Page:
BALTIMORE, Md. (Ivanhoe Newswire) — You might not know this, but up until a generation or two ago, women with type 1 diabetes were often advised to avoid getting pregnant and having children because of the health risks – both to mom and baby. Medical advances have now made it safe for these young women to have families, with careful planning.
For 25-year-old Elon Barnes, little Robert is the center of her world. “He is just a happy little energetic baby.” Barnes says.
But when Barnes first learned she was pregnant, she knew she would have to work hard for his health and her own. Barnes was diagnosed with type 1 diabetes ten years ago.
“I had actually just learned about diabetes in my high school biology class.” Explains Barnes
With type 1 diabetes, the pancreas produces little or no insulin and patients can have blurry vision, frequent urination and extreme thirst.
Barnes says, “There’s not enough water in the world right now to quench this thirst.”
Diabetes specialist doctor Rachael Oxman says it’s important for women to begin planning before becoming pregnant. “The first trimester is a really tricky period in the pregnancy, that’s when babies forming all of their organs and we want baby to have a healthy spine and healthy heart and diabetes control directly contributes to these things.”
Doctor Oxman says patients should have an A1C, or average blood sugar level, of 6 or 6.5 percent or lower during the first trimester. She says women should not be afraid to take their insulin. “It doesn’t cross the placenta. It doesn’t get to baby.”
Barnes used a continuous glucose monitor to keep a watchful eye on her blood sugar.
Barnes states, “I had to be a very well-behaved diabetic to say the least.”
Hard work, that paid off with a normal delivery and a perfect baby boy.
Doctor Oxman says it’s also critical for new moms with type 1 diabetes to continue to monitor their blood sugars immediately after delivery and in the weeks after that as their bodies recover. It’s also important to select a pediatrician who is familiar with the needs of babies born to moms with type 1. A baby’s pancreas after delivery needs a few days to self-regulate, so their blood sugars need careful monitoring. Elon Barnes says Robert had low blood sugar right after delivery but his system did regulate and has no evidence of diabetes.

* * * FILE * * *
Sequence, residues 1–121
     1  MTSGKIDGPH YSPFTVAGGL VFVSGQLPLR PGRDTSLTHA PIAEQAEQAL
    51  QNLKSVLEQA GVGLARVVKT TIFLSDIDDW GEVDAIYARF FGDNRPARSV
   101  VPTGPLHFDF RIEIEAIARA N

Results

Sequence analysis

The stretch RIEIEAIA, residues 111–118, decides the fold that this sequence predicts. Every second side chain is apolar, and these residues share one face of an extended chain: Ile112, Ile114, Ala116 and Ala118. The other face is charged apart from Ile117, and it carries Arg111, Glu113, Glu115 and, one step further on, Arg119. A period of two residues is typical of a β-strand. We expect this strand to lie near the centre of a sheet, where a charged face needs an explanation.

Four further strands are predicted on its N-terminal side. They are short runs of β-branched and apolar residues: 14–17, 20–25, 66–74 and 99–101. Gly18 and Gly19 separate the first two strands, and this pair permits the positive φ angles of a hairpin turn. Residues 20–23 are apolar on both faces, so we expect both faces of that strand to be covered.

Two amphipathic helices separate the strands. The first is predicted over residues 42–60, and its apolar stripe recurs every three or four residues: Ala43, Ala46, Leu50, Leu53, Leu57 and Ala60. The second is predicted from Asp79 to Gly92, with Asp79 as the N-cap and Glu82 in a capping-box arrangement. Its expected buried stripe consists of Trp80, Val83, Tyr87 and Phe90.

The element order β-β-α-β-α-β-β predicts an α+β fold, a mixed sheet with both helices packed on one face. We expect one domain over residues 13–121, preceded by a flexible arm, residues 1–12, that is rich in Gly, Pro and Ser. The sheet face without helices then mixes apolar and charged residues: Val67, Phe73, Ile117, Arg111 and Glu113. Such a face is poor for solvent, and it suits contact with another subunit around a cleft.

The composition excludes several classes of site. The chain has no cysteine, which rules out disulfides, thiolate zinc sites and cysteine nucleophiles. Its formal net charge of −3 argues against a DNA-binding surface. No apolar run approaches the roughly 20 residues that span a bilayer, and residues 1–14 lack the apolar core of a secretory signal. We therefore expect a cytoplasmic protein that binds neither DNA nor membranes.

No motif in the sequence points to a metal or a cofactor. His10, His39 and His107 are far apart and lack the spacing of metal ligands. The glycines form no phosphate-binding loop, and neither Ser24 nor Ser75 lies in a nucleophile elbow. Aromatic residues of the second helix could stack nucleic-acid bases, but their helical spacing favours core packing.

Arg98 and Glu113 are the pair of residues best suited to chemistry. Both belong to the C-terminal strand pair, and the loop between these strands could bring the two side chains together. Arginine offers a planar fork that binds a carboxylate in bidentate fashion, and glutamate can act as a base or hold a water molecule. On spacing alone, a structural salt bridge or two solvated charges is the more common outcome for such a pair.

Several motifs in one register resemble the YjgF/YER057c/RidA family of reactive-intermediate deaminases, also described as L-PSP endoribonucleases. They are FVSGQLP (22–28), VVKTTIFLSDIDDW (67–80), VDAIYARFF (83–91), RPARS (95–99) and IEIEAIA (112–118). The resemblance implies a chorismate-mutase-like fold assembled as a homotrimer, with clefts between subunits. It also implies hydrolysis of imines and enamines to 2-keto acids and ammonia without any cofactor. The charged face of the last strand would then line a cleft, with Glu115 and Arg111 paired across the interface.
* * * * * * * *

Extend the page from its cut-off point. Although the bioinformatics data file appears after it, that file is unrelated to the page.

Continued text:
Contributors to this news report include: Cyndy McGrath, Producer; Roque Correa, Editor, and Kirk Manson, Videographer
PREGNANCY AND TYPE 1 DIABETES
BACKGROUND: Around 1.45 million Americans suffer from and live with Type 1 diabetes. That number is expected to climb to 2.1 million by the year 2040. Having Type 1 diabetes can be very difficult and frustrating to live with. It affects every aspect of life from diet to physical activity, to personal relationships. It can be a life-threatening disease and there is currently no existing cure. Warning signs of Type 1 Diabetes are drowsiness, extreme thirst, increase in appetite, sugar in the urine, and frequent urination. If you suffer from Type 1 Diabetes and become pregnant it is important that you immediately consult your medical team to manage your blood sugar and mend off any future complications. During a pregnancy with existing Type 1 Diabetes, your doctor will frequently adjust your treatment and management schedules. You will want to find an endocrinologist, an obstetrician, and a diabetes educator. This will give you a doctor who treats hormonal conditions, a doctor who specializes in pregnancy, and a specialist to regularly consult on your diabetic condition.
THE STUDY: Recent studies and medical findings are creating a safe space for women with type 1 diabetes to start families. This, however, requires a lot of planning and precautions. It is important for women to hold a blood sugar level of six percent or lower during the first trimester. Taking insulin is also extremely important. These both protect the baby’s spine and keep the heart healthy throughout the duration of the pregnancy. Glucose monitors can keep track of blood sugar and are beneficial for pregnant woman with type 1 diabetes to use. Managing the stress that comes with Type 1 Diabetes and pregnancy can also greatly help a women’s health in pregnancy as stress can negatively impact a baby. Women with type 1 diabetes starting families should also monitor their blood sugar levels weeks after birth to ensure their bodies are recovering safely and properly.
NEW REGULATIONS: Women with Type 1 Diabetes are at higher risk for developing pre-eclampsia. It is vital that they monitor their blood sugar during pregnancy for this reason. To help improve the outcome of pregnancy, preconception care should be well planned. Glycemic control, Body Mass Index, and Nutrition should be maintained up until birth and for weeks after to allow the body to return to its resting state. Around half of existing pregnancies that have type 1 diabetes are unplanned. It is crucial that planning occurs through the duration of the pregnancy to ensure the baby and mother’s safety. Tracking thyroid is also beneficial as autoimmune thyroid is prevalent in women with type 1 diabetes.
* For More Information, Contact: Dan Collins
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